The one and only big fat thread about GUNS.
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January 19th, 2013 (10:21 PM).
Join Date: Oct 2006
For the people that visit them?
The NRA, and pro-gun people, would have us believe that these shows are a safe, family, event where adults can browse and buy guns, and children can learn gun safety.
These cases show that gunshows are not really a safe place - for anyone.
MEDINA, Ohio -- Authorities say an accidental shooting at an Ohio gun show has left one man wounded.
Police in Medina (meh-DEYE'-nuh) say a gun dealer was checking out a semi-automatic handgun he'd bought Saturday when he accidentally pulled the trigger.
Police Chief Pat Berarducci (BEHR'-uh-doo-chee) says it appears the bullet struck the floor, then a longtime friend of the gun dealer. The man was wounded in the arm and leg.
Berarducci says the man was taken by helicopter to a Cleveland hospital. His condition isn't known.
Police say the gun's magazine had been removed from the firearm but one round remained in the chamber.
Medina is about 30 miles south of Cleveland.
This case is made worse as it was the DEALER who accidently shot the man. Anyone with even the most basic amount of gun safety training would be able to tell you that you need to check the chamber, just to make sure no round was chambered.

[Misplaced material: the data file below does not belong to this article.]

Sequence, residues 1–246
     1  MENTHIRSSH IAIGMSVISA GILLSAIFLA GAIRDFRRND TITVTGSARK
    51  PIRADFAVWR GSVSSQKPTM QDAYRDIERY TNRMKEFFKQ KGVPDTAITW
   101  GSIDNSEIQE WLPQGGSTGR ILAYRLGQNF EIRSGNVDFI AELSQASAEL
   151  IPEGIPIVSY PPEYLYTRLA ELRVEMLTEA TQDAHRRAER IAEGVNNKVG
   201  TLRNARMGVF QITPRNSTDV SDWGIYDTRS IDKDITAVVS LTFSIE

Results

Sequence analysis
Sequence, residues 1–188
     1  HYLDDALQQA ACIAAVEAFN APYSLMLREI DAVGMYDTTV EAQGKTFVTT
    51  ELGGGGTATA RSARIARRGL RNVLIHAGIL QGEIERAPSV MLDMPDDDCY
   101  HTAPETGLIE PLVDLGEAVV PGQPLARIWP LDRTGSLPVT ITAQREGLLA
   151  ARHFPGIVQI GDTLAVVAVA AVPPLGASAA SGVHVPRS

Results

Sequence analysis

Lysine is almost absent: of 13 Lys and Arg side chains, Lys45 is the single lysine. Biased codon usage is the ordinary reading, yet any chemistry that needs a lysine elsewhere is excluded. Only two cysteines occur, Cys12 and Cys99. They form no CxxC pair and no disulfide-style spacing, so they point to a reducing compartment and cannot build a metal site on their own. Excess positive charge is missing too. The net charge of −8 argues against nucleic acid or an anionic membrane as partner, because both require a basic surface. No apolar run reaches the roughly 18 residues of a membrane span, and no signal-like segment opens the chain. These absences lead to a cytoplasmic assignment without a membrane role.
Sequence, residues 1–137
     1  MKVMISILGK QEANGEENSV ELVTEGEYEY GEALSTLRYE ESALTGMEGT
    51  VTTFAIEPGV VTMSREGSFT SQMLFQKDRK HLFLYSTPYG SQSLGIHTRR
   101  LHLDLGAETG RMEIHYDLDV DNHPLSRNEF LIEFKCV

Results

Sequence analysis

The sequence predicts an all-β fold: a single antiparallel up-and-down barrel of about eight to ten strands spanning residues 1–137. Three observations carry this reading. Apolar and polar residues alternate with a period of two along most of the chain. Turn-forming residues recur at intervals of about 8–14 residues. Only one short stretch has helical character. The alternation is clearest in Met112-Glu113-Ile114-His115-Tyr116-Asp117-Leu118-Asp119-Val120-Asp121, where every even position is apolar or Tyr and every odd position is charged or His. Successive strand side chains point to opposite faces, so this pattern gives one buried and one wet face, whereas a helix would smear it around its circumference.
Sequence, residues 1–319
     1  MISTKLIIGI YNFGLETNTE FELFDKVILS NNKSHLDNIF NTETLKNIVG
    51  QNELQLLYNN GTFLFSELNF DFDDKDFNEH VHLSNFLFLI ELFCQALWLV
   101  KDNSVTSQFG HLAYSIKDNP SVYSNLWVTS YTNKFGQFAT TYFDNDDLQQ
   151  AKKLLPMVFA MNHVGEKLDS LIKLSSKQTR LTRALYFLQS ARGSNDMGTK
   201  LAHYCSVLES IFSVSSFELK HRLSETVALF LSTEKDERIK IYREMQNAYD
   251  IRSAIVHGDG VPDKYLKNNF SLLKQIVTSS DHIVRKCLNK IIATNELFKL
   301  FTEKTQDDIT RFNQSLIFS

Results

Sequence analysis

Now, I thought that gun dealers had training in how to handle guns? I don't know, seems they would you know? I mean... You'd expect them to at least know about the product that they are selling.
Next up - Another prime example of why gun training, at least about how to safely handle and store them, needs to be required.
RALEIGH, N.C. -- Officials say three people were wounded when gunfire erupted at a gun show at the North Carolina state fairgrounds.
It happened Saturday at the Dixie Gun and Knife Show, a quarterly event that usually draws thousands of people.
State agriculture department spokesman Brian Long says a 12-gauge shotgun discharged while its owner unzipped its case for a law enforcement officer to check it at a security entrance.
Two bystanders were hit by shotgun pellets and taken to a hospital. A retired deputy sheriff suffered a slight hand injury.
Long says the shotgun's owner, 36-year-old Gary Lynn Wilson of Wilmington, brought the weapon to the show to find a private buyer.
Wake County Sheriff Donnie Harrison says it's too early to know whether Wilson might be charged.
The show shut down early Saturday but will reopen Sunday.
You know... If this was the good guy with the gun, then bad guy wouldn't need to waste ammo - The good guy would proably kill himself when drawing his gun. Well shotgun. But you get my point.
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